January 8 - February 5, 2009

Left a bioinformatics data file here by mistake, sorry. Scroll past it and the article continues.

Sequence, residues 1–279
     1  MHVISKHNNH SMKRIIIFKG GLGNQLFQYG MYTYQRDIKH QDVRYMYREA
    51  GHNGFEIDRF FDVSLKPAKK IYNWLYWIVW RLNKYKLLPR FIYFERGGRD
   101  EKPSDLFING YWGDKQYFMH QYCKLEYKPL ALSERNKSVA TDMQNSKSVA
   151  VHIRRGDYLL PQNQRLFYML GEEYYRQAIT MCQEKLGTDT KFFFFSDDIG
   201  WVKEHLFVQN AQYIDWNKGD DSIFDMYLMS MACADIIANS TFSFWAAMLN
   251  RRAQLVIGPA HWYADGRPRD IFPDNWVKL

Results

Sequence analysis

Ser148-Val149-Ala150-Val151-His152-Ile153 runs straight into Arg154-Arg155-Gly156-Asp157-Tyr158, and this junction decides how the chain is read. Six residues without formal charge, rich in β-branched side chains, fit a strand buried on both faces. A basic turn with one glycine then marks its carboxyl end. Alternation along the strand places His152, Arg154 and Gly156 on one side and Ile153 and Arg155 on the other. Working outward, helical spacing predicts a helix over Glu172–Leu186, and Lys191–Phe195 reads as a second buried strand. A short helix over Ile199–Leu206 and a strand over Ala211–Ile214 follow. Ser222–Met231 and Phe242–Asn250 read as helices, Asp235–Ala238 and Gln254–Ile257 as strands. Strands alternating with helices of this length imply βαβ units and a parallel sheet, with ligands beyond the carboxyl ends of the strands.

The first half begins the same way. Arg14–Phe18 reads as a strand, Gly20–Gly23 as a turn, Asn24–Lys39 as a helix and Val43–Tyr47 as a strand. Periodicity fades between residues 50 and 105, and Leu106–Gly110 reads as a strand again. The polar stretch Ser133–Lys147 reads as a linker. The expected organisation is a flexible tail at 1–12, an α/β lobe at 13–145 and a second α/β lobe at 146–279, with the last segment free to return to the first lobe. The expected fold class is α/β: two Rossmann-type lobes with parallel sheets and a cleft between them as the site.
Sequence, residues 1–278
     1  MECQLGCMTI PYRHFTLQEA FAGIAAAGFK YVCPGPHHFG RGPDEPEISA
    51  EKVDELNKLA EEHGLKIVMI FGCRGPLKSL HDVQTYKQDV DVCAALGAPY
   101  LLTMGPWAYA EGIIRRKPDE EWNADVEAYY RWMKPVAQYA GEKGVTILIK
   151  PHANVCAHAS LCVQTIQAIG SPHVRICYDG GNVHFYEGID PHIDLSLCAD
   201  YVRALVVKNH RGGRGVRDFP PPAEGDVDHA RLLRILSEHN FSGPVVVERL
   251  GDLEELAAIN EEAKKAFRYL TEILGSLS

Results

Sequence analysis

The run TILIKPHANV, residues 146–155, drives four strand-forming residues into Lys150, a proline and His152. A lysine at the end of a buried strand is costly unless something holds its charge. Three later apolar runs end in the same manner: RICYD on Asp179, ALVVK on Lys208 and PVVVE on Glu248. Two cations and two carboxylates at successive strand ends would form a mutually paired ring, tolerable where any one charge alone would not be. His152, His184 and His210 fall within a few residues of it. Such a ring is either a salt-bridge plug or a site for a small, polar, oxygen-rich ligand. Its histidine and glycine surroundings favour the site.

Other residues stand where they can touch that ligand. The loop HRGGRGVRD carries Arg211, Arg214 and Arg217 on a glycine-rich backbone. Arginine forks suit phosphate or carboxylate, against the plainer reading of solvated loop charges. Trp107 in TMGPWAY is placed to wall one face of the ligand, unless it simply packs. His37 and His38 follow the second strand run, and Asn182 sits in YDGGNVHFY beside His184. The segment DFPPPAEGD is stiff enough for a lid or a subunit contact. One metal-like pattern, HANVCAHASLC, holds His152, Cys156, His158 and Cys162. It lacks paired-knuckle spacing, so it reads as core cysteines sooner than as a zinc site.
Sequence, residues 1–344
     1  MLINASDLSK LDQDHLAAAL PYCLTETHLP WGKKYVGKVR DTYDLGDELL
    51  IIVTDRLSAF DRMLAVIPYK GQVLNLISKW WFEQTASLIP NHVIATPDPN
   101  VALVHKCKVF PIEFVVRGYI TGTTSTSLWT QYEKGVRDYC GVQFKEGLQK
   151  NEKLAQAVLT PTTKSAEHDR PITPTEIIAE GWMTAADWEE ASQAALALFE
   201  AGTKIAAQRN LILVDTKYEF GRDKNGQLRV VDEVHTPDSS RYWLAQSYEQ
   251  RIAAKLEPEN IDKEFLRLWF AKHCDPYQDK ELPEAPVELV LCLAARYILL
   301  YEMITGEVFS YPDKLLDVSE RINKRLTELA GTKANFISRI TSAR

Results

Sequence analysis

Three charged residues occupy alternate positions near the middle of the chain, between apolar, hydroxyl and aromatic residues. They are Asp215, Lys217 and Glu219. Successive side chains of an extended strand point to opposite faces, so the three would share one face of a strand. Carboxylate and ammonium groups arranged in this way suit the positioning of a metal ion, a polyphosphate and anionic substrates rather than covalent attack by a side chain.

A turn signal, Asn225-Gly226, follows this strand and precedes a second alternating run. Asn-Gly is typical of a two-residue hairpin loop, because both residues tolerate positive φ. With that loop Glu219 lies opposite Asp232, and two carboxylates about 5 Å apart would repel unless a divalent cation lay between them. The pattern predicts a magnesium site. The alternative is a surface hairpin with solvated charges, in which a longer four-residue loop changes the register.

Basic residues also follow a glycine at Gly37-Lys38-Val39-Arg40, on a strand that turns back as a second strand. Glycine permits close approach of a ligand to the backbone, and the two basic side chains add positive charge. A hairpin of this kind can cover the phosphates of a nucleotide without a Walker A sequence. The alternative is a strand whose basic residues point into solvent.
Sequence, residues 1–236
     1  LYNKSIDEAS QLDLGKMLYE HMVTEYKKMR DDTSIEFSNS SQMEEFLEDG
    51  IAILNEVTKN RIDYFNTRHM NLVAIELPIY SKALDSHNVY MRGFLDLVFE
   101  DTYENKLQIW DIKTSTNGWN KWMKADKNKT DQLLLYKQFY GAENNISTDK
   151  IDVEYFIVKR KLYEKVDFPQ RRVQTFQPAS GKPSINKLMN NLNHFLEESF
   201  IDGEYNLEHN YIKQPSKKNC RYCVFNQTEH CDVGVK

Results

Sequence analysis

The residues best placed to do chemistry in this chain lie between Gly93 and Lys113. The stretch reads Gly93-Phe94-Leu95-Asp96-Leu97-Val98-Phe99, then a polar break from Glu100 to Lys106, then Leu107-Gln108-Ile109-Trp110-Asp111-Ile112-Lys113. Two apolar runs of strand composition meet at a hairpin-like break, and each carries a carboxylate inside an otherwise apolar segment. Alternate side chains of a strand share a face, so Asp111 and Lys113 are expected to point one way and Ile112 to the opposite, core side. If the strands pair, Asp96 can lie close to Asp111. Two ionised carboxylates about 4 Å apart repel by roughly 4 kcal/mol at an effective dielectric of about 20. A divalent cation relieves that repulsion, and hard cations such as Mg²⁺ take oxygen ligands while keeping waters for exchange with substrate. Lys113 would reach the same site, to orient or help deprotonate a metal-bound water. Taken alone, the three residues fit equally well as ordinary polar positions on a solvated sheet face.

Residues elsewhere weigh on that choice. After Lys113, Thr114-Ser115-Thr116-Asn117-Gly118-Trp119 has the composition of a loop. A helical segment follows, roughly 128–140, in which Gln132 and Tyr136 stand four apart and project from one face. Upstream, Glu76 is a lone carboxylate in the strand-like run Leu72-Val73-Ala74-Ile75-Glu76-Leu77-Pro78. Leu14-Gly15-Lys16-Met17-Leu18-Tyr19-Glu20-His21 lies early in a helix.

In Richard Wagner’s 1849 essay “The Artwork of the Future,” he presents the idea of the Gesamtkunstwerk: the complete work of art. I have always loved this idea of being able to create something sensually encompassing, as Wagner attempted with his own work. The decorative arts, referred to in German as Kunsthandwerk, in some sense have always provided the possibility for the total work of art. The decorative arts are the arts of domestic space and they surround us completely: textiles, wall coverings, carpets, furniture, lighting, vessels of all kinds, and every other thing that covers a wall or ceiling or floor or that we use in everyday life. I like to think of my pieces as Gesamtkunsthandwerks, in which I attempt to combine multiples that reference traditionally decorative objects into sensually encompassing installations. In the decorative arts of the past, as well as contemporary installations, the viewer becomes a participant in, and actually enters in to the work of art. The Jane Hartsook Gallery at Greenwich House reads as a parlor space with its hardwood floors, marble fireplace, and tall windows. It provides a space to explore some of these ideas about the decorative arts, bridging the gap between public exhibition space and domestic space. For my exhibition, I have made a room-sized porcelain chandelier installation, alluding to the history of the space as a parlor and the decorative objects found there, but re-shaping these elements into a contemporary installation that references multiples, materiality, and the body.